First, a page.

City of Milwaukee Health Department issues mask advisory in anticipation of Omicron variant
MILWAUKEE (CBS 58) -- The City of Milwaukee Health Department is recommending that all individuals, regardless of vaccination status or past COVID-19 infection, wear a mask when in public, indoor settings.
The health department made the mask advisory announcement Tuesday, Nov. 30, in response to the new Omicron variant and in "anticipation of future identification of this variant in Milwaukee." The advisory applies to indoor public settings, and there are exceptions for activities that cannot be done while wearing a mask.
"This is not a cause for alarm but I do think we have to be concerned with it," Milwaukee Mayor Tom Barrett said during a COVID-19 media briefing. "And there's much to be learned about this new variant but it does give us reason to be concerned."
Until now, the department said COVID-19 test specimens it has collected and sequenced have not shown to have the Omicron variant. Still, the advisory is part of a step of preparation as more information about the variant and its severity is learned.
"Because we are continuing to learn more in the coming days and next week, about the Omicron variant and its degree of transmissibility, it is crucial for us to layer measures to protect ourselves and our community," City of Milwaukee Health Commissioner Kirsten Johnson said.
While the Omicron variant is sparking concern ahead of its likely arrival, health leaders said there still needs to be focus about current COVID-19 spread. "Even if Omicron isn't as bad as predicted, we still have Delta to deal with," Dr. Ben Weston, Milwaukee County's chief health policy advisor, said during the briefing.
Business leaders are urging calm and patience as new data is gathered every day, but health experts say the trends are concerning. But business owner Omar Shaikh said, "It's really hard to see how people are going to respond to anything at this point."
Shaikh says businesses need to remain calm and wait for the data. The labor shortage, supply chain issues and rising food costs are still hurting the hospitality industry. So far, city and county leaders are not even discussing a mandate. Shaikh said, "I think we can rest assured that we're still able to operate our businesses, be open and hopefully make a living because it's gotten tough these last two years."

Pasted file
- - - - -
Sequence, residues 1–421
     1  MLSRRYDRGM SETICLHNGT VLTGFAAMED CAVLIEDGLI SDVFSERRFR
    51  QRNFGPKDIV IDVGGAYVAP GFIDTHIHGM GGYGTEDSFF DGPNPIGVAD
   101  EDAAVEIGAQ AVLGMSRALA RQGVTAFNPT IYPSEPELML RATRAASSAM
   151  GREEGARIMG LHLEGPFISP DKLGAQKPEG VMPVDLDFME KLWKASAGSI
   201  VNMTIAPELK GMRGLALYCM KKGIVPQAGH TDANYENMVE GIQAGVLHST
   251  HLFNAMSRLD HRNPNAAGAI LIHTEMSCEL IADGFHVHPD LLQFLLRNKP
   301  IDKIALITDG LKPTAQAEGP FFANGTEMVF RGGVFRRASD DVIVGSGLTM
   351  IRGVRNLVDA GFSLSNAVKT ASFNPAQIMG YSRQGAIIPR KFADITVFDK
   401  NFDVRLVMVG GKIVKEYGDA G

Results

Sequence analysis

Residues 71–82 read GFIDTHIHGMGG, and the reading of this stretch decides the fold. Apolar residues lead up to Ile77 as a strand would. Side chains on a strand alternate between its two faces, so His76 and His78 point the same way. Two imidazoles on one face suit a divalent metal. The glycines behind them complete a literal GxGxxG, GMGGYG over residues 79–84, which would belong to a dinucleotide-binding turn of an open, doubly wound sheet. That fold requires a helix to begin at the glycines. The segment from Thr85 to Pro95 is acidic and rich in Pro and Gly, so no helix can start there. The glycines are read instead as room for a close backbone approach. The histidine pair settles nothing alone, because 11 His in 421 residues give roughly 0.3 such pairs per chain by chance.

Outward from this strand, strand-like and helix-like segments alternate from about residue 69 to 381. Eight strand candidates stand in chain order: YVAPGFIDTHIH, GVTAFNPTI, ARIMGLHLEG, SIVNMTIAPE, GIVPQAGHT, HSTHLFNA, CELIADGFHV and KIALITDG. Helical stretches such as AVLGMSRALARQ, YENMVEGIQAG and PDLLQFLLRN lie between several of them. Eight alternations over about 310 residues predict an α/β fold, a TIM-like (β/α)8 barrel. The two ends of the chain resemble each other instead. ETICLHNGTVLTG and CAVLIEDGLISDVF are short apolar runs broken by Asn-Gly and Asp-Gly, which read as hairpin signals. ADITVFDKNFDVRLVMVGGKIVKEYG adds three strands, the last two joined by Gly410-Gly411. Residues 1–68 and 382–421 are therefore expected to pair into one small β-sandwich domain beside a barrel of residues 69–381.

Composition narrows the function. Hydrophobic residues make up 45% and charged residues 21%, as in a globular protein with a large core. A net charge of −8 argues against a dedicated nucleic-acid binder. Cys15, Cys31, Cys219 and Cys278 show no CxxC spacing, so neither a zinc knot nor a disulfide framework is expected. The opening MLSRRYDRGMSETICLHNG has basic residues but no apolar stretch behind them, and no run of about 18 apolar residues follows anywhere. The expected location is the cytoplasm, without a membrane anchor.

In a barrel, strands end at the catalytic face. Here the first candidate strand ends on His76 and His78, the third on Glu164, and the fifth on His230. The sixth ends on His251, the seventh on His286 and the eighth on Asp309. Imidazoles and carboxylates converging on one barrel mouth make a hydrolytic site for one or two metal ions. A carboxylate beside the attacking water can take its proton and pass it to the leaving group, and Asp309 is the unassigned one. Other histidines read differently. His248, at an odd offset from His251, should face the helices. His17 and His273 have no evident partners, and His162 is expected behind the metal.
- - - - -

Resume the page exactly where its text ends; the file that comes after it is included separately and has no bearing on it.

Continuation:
Of Omicron, Commissioner of Health Kirsten Johnson said, "We don't know yet the transmissibility, we don't know yet if it evades immune response with the vaccine."
That concern is on top of a Delta wave that's leading to record cases and hospitalizations in Wisconsin for 2021. Milwaukee Mayor Tom Barrett said, "Our hospitalizations are up; our deaths are obviously going in the wrong direction. We're seeing increases in the transmission of this disease."
Dr. Weston said it's a dangerous place for Wisconsin to be. So far, no PCR specimens processed by the Milwaukee Health Department lab contained the Omicron variant, but Dr. Weston expects it will rapidly spread to our community soon.
The Wisconsin Hospital Association reported this week the state is at its highest level of COVID-19 hospitalization rate since December of 2020. On Nov. 30, the WHA COVID-19 dashboard showed 1,432 COVID-19 hospitalizations across the state.
Dr. Weston said western Wisconsin hospitals currently have zero intensive care unit beds available. In southeastern Wisconsin, 92 percent of ICU beds are currently occupied, with that number expected to go up.
The combination of current spread of the virus and the unknown severity of the Omicron variant pushed leaders Tuesday to make the mask advisory announcement, as well as reemphasizing the importance of getting vaccinated.
"A storm is brewing and the best way to prepare by far is to get yourself vaccinated," Dr. Weston said.